2.1. Detail of CARF programs
Spinal Cord System of Care
A Spinal Cord System of Care provides coordinated, case-managed, integrated services for persons with spinal cord dysfunction, whether due to trauma or disease. This system includes at a minimum an inpatient component in an organization licensed as a hospital and an outpatient component. The inpatient component of the Spinal Cord System of Care coordinates and integrates medical and rehabilitation services that are provided 24 hours a day, 7 days a week. The outpatient component of the Spinal Cord System of Care provides a structured, coordinated, comprehensive nonresidential program. The persons served participate on a scheduled basis that is less than 24 hours a day, 7 days a week. The system of care might also include a Home- and Community-Based Rehabilitation Program, Residential Rehabilitation Program, and/or Vocational Services.
Striving to achieve the most integrated setting for the person served, each component of the Spinal Cord System of Care endorses the active participation and choice of the persons served throughout the entire program.
There is documented evidence that the Spinal Cord System of Care maintains the necessary expertise and capacity to provide services in all components of the continuum it offers. The Spinal Cord System of Care provides or formally links with key components of care that address the life-long needs of the persons served. These key components of care include, but are not limited to, emergent care, acute hospitalization, other inpatient rehabilitation programs, skilled nursing care, home care, other outpatient medical rehabilitation programs, community-based services, residential services, vocational services, primary care, specialty consultants, and long-term care.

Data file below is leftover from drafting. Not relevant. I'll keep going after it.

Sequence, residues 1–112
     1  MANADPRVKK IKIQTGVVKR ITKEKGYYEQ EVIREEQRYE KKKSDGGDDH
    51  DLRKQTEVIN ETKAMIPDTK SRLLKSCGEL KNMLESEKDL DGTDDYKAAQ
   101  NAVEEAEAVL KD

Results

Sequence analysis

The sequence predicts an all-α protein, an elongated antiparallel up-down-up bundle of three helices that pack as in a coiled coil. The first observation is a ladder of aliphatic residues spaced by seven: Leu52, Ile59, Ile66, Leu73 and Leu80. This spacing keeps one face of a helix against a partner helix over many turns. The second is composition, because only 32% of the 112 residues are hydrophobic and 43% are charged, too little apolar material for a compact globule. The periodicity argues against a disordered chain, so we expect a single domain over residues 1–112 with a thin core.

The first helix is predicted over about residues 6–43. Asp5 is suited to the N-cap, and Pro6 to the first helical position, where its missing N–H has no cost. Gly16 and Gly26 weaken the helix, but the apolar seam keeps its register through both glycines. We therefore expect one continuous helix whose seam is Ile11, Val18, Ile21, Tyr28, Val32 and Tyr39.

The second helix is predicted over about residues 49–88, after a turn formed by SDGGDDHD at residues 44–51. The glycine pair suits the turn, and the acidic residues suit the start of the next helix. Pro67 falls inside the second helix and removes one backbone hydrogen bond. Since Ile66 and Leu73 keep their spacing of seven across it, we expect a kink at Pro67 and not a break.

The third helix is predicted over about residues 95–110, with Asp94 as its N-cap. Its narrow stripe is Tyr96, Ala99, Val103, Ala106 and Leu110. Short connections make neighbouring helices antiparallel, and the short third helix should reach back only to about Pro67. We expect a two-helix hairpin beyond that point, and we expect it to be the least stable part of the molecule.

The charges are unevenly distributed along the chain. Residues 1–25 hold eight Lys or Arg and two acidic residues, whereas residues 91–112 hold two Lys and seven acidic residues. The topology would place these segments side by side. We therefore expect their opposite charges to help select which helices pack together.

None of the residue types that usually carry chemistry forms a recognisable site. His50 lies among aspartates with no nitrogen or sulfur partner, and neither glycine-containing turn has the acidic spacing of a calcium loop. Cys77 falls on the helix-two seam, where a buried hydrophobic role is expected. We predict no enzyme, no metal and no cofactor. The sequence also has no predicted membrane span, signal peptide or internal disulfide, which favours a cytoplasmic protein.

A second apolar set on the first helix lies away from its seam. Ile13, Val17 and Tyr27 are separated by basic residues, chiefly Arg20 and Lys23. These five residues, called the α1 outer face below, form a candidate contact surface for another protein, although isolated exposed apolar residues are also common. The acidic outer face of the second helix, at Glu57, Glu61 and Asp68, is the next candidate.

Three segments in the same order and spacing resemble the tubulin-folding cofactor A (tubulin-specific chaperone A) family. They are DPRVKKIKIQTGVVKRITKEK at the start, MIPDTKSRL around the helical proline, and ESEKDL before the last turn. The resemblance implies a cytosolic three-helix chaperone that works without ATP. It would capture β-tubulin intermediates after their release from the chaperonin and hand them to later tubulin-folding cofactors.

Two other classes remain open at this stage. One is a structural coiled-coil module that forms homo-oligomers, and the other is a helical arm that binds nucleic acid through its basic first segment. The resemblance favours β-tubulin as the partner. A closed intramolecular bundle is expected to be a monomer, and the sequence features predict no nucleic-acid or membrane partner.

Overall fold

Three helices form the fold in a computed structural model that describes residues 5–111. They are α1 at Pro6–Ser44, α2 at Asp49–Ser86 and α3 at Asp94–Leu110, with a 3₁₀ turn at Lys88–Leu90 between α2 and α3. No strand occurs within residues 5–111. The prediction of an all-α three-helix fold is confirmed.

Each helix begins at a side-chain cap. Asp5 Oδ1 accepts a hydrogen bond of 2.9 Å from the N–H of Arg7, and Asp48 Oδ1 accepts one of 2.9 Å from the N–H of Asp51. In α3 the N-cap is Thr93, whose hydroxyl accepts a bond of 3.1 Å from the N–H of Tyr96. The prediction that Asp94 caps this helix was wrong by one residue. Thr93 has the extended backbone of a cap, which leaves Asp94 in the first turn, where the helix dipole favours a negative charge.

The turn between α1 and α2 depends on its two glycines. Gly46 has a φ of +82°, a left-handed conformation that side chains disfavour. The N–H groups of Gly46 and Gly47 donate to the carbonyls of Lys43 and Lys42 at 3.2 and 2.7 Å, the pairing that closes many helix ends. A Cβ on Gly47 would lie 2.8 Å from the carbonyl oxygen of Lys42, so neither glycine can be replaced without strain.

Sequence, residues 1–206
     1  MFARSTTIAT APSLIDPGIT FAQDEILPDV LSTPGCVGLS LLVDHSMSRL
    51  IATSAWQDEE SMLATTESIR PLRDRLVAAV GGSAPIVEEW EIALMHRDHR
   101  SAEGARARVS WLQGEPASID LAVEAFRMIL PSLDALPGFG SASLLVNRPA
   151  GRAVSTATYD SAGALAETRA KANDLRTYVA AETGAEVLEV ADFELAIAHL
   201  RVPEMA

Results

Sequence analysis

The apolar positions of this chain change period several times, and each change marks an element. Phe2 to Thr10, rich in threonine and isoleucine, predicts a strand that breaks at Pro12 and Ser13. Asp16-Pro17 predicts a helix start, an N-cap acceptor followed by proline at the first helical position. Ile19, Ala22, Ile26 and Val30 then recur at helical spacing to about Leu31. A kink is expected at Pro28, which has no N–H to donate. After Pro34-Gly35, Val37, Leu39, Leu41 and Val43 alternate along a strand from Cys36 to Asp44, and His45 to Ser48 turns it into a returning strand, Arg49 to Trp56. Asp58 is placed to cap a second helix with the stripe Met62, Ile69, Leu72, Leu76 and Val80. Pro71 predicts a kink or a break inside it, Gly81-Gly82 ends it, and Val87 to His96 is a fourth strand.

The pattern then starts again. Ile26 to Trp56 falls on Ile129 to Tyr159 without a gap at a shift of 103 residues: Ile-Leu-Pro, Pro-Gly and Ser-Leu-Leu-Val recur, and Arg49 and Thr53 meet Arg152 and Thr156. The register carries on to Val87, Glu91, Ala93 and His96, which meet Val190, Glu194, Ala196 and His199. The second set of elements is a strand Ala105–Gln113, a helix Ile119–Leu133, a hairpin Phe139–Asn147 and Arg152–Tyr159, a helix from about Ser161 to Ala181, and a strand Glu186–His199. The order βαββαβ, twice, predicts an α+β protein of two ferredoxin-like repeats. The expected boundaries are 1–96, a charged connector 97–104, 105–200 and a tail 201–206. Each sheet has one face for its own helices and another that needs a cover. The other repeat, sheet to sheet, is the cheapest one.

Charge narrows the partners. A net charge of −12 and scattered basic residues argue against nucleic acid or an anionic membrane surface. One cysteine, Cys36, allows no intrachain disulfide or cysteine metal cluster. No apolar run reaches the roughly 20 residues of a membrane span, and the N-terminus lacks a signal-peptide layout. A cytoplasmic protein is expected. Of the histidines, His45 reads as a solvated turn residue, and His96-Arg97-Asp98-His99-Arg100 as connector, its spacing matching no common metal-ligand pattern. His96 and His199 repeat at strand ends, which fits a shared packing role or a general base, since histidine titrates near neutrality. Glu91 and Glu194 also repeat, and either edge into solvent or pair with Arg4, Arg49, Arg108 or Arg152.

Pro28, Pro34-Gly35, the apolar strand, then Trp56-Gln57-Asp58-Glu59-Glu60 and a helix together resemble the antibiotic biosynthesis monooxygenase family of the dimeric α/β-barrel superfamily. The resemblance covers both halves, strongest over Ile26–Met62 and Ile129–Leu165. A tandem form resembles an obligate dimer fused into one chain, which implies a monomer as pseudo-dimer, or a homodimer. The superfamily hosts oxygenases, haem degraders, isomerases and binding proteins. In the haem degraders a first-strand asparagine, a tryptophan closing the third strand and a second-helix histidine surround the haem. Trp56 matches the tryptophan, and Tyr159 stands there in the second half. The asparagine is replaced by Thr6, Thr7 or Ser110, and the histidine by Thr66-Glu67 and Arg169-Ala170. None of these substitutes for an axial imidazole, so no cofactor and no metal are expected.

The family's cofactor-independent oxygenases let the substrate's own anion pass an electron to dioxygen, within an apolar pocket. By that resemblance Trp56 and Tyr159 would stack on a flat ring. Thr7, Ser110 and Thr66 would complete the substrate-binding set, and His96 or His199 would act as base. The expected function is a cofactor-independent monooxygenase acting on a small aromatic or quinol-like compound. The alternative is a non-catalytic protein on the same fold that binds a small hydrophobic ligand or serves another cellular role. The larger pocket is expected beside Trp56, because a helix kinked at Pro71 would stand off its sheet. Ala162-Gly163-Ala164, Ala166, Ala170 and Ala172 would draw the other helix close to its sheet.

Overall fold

The Spinal Cord System of Care is accountable for and serves as a resource to the persons served, their families/support systems, and continuum-of-care providers through its:
Identification of care options and linkages with services/programs with demonstrated competencies in spinal cord dysfunction.
Achievement of predicted outcomes.
Conservation of funding to meet life-long needs.
Provision and facilitation of medical interventions.
Facilitation of opportunities for interaction with individuals with similar activity limitations.
Focus on life-long follow-up that addresses impairment, activity, participation, and quality of life.
Provision of education and training.
Identification of regulatory, legislative, and financial implications.
Participation in research and application of research to clinical practice.
The Spinal Cord System of Care is responsible for developing, facilitating, and ensuring demonstration of competencies that address the unique needs of the persons served. These competencies are established for the persons served, their families/support systems, and personnel.
The Spinal Cord System of Care encompasses care that advocates for full inclusion and enhances the lives of the persons served within their families/support systems, communities, and life roles.
Information about the outcomes achieved is shared with relevant stakeholders.
In addition to the inpatient and outpatient components, an organization seeking accreditation for its Spinal Cord System of Care must include in the Intent to Survey and the site survey all portions of the continuum (Home and Community Services, Residential Rehabilitation Program, and Vocational Services) that the organization provides and that meet the program descriptions.
Note: Spinal cord dysfunction could be caused by trauma, cancer involving the spinal cord, inflammatory conditions such as multiple sclerosis, and non-traumatic etiologies such as tumors.